And frankly, you know, the more they get attacked internally, just like this terrible attack in Rawalpindi at the mosque, the more open they may be to additional help from us. But we are prepared to expand that relationship at any pace that they are prepared to accept.
Q (Off mike.)
SEC. GATES: Well, I think, you know, they're just in the process of absorbing the president's decisions and so on. And I will tell you, I think we've got one of our best ambassadors in the world in Islamabad in Anne Patterson. So I think there's some real opportunity there.
I mean, the reality is the Pakistanis have done so much more than any of us would have expected or believed a year or a year and a half ago. And so I think I feel pretty good about what they're doing. They're taking some serious casualties. They're in a serious fight. And they just have all the support -- they have all of the support from us we can give them.
STAFF : We'll take one or two more. Hold on. Terry, do you have anything? You don't have to. All right.
Q (Off mike.)
SEC. GATES: Yeah. Yeah, I actually told him that I'd rather be going where I'm going than where he's going. (Laughter.)
Q (Off mike.)
Q Mr. Secretary, there is an article in the Post this morning about a concern that millions of dollars of equipment is being left behind in Iraq and that some of it should be moved into Afghanistan. Can you talk a little bit about that? Is there a concern or --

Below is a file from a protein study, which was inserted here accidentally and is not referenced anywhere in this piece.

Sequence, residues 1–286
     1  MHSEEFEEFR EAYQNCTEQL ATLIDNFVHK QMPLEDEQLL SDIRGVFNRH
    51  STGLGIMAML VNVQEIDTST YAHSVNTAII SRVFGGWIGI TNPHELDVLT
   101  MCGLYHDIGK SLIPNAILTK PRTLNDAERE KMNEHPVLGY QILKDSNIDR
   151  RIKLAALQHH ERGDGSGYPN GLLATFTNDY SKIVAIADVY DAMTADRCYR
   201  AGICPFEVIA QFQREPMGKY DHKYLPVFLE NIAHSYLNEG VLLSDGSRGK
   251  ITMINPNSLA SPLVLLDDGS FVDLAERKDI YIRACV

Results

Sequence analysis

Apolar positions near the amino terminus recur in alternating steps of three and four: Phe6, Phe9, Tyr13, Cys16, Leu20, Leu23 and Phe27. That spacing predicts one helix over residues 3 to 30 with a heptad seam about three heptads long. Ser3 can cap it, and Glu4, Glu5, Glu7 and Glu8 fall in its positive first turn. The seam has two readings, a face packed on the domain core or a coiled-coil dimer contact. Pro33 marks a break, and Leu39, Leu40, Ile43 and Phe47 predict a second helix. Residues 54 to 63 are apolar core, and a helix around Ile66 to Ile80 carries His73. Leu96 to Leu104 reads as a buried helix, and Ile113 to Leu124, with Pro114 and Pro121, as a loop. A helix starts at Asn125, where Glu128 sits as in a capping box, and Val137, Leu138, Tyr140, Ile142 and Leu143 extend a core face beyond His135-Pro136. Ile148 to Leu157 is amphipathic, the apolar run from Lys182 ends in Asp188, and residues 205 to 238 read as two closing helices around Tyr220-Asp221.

SEC. GATES: The Army has been deeply engaged for months in terms of what to do about the equipment left in -- the equipment that we have in Iraq. What of it should be turned over to the Iraqis? What of it should be sent on to Afghanistan? What of it should be brought back to the United States?
We have about a little over three million pieces of equipment in Iraq. I'm told that by September of '10, more than two million pieces of that three million will have been disposed of one way or the other. We have gotten some extra flexibility from the Congress in terms of turning equipment over to the Iraqi army, and we are trying to decide.
Frankly, we just have to figure out, in terms of cost and in terms of logistics, what makes sense in terms of moving it from Iraq to Afghanistan. In some cases, it's just easier and cheaper to buy it new than to take used equipment, pack it up and ship it from Iraq to Afghanistan. But I will tell you, the Army has been working on this in great detail for months now, and I think they have a pretty good plan.